To no one's surprise, Fox News' Bill O'Reilly managed to find four guests who completely agreed that he bore absolutely no responsibility for the murder of Dr. George Tiller – the Kansas doctor who performed late-term abortions – to open Monday's "The O'Reilly Factor."

To no one's surprise, MSNBC's Keith Olbermann devoted a sizable portion of his own "Countdown" program to leveling precisely that charge, showing video of O'Reilly saying in regard to Tiller, "There's got to be a special place in Hell for this guy."

O'Reilly said any criticism of his attacks on Tiller were being mounted by his enemies – Fox News "haters" and "vicious individuals" on "the far left" — implying that no rational person could find the heated and repeated rhetoric emanating from the channel toward a private citizen troubling.

Saying that viewer and advertiser boycotts would be ineffective, Olbermann suggested a "quarantine" of Fox News Channel, saying that O'Reilly's verbal attacks against Tiller were "blindly irresponsible" and "set the stage for his assassination."

Flipping back and forth between the two programs, I kept thinking that these kind of charges and counter-charges are too serious to be thrown around blithely as part of a cable-TV feud, and that maybe it's time for self-reflection — for both sides to take a deep breath. Perhaps more than anything, it's time for the bosses at each of these networks to sit down their star talent and calm them down — for management to actually try managing these mercurial personalities. What a novel thought.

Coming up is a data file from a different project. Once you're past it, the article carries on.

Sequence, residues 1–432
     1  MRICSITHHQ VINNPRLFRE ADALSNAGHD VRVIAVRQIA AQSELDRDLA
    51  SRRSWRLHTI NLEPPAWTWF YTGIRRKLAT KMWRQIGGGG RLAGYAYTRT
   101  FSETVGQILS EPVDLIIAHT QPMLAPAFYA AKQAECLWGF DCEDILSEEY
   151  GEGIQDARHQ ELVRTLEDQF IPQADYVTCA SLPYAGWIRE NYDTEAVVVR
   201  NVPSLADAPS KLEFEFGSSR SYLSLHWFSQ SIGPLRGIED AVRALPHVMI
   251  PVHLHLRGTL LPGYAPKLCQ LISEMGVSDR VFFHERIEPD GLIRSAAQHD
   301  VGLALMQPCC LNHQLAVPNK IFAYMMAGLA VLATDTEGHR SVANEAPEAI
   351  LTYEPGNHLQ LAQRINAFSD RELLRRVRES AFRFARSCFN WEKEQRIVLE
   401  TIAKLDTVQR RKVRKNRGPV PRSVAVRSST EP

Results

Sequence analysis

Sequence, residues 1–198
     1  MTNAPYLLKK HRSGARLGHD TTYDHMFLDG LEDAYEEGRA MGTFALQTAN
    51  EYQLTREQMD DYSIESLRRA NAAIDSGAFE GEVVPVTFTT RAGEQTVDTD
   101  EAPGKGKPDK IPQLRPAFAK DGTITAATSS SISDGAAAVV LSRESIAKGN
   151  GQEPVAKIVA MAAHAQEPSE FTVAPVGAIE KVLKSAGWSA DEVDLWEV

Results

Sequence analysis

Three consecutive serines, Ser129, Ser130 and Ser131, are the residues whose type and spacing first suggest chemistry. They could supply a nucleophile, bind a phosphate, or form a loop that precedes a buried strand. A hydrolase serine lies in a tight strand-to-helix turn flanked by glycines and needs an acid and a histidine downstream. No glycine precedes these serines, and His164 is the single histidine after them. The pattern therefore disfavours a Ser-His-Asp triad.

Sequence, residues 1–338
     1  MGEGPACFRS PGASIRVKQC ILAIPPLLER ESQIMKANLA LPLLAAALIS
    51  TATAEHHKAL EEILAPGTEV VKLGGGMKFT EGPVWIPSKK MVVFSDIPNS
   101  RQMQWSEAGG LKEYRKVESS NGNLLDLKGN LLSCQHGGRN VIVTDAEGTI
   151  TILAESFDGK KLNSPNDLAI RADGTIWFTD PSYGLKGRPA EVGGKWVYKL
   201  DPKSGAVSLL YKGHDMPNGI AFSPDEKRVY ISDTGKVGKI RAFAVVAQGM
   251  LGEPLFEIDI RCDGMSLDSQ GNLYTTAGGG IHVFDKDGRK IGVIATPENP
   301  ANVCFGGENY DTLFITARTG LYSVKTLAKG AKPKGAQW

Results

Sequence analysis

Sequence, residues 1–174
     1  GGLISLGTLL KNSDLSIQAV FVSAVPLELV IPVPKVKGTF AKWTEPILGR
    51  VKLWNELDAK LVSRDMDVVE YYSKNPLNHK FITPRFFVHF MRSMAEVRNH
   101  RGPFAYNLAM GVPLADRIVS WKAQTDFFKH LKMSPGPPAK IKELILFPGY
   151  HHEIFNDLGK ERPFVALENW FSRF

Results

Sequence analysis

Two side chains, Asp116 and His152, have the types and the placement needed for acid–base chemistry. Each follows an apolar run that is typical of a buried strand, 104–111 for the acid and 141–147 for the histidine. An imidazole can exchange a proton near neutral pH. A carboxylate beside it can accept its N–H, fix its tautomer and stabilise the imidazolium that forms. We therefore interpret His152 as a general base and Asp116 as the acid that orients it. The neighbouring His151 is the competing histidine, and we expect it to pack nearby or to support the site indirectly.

On Tuesday, O'Reilly was back at it, urging an email campaign to GE CEO Jeffrey Immelt. Seriously, does anybody at Fox think this childish finger-pointing benefits anyone? Sure, conflict sells, but someone needs to say that with these platforms comes a need for at least a measure of restraint.

This all started with Olbermann jabbing up at his rival, and O'Reilly has taken the bait more fabulously than the MSNBC host ever could have hoped. But now it has gotten to the point of absurdity, and you get the feeling — a bit like the HBO movie "Weapons of Mass Distraction" — that it's going to continue until somebody gets hurt. At that point, even "The Daily Show" won't be able to make this electronic-age Punch and Judy show amusing.

Like I said, a deep breath is in order on both sides. But based on past performance, I won't hold my breath waiting for that to happen.

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